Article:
AGF Management Ltd, one of Canada's largest independent fund managers, expects its push into the institutional segment and infrastructure-related investments to drive growth over the next few years, its top executive said. The shift is part of a broader strategy to diversify beyond its core mutual fund business, which has struggled with redemptions by retail investors since the 2008 financial crisis.
AGF aims to reach C$45 billion ($34.29 billion) to C$50 billion in assets under management in the next three to four years, Chief Executive Blake Goldring said in an interview. AGF managed about C$35 billion in assets at the end of June. Strong growth in the institutional investor base could double the segment's assets under management in three to five years from about C$14 billion currently, he said. AGF's existing institutional clients include sovereign wealth funds, pension plans and endowments.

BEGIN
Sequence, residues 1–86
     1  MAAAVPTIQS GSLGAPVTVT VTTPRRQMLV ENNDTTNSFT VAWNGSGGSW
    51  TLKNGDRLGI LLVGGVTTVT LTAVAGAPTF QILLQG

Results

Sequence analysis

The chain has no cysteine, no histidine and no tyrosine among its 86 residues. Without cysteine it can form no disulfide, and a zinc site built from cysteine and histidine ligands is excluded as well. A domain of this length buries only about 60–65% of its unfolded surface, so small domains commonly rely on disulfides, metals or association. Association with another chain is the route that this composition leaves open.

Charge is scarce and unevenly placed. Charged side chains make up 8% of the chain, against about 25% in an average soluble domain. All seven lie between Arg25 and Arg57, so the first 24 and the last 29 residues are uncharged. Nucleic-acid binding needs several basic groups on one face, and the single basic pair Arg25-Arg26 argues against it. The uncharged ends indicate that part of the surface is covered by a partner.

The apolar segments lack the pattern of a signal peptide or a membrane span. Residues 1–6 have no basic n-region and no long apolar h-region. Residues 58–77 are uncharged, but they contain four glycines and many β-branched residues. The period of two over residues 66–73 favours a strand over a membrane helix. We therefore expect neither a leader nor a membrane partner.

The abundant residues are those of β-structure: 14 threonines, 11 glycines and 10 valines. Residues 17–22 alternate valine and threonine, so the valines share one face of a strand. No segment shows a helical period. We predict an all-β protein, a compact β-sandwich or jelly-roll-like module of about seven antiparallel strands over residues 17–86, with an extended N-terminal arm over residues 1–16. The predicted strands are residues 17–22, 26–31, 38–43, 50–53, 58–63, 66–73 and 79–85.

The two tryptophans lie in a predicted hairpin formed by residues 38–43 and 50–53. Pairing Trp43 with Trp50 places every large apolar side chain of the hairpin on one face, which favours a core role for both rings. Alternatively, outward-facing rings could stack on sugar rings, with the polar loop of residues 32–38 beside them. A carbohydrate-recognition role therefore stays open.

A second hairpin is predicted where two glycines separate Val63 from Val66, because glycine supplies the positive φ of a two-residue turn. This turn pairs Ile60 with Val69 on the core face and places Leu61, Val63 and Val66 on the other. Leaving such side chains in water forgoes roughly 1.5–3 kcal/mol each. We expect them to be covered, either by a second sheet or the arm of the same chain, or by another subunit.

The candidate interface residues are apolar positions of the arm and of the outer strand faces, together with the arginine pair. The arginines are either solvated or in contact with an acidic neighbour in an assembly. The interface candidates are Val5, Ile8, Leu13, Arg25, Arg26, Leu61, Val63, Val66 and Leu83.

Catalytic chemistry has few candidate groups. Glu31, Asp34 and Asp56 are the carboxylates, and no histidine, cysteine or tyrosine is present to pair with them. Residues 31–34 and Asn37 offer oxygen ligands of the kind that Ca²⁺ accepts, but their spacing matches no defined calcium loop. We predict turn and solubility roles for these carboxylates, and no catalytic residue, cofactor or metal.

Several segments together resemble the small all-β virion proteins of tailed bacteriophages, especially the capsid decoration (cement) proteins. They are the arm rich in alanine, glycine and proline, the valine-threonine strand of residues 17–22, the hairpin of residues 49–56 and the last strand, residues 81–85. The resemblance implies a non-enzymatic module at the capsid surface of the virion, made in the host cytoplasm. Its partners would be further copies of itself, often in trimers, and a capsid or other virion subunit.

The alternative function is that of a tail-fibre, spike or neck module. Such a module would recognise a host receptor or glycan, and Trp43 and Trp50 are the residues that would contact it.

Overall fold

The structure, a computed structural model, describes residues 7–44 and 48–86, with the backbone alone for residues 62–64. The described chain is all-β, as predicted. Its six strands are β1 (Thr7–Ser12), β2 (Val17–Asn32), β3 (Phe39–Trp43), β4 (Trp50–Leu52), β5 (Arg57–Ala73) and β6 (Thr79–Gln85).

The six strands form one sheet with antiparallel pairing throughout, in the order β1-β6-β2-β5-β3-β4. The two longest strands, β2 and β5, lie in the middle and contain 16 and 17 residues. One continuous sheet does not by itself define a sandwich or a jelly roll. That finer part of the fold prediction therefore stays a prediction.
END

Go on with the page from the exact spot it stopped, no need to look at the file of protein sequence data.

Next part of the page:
The Toronto-based company is also looking for gains in the high net-worth segment, where it anticipates the assets it manages for the very wealthy could rise from C$4.5 billion to about C$6 billion in the next three years. "It's an area of ongoing growth as we're seeing a shift in wealth," Goldring said. AGF's push beyond traditional mutual funds follows a rough ride for its own investors. The stock, which hit C$40 in 2007, was at C$5.90 on Tuesday. It has dropped about 39 percent since AGF slashed its dividend by about 70 percent in December.
Goldring said the company is taking a more balanced approach to capital allocation, combining a dividend, share buy-back plan and investment in growth in infrastucture-related areas. The move into such investments reflects the fact that clients are increasingly risk-averse, Goldring said. "They're telling us, 'Don't hit the ball out of the park, just get me onto the first or second base'," he said.
AGF's infrastructure-related exposure includes InstarAGF, a joint venture with Instar Group Inc. Earlier this year, a consortium including InstarAGF and AGF acquired the passenger terminal at Toronto's downtown Billy Bishop Airport from privately held Porter Aviation Holdings Inc. Infrastructure is less susceptible to potential increases in interest rates, making it an appealing alternative to fixed income and real estate, said Gregory Smith, chief executive of InstarAGF.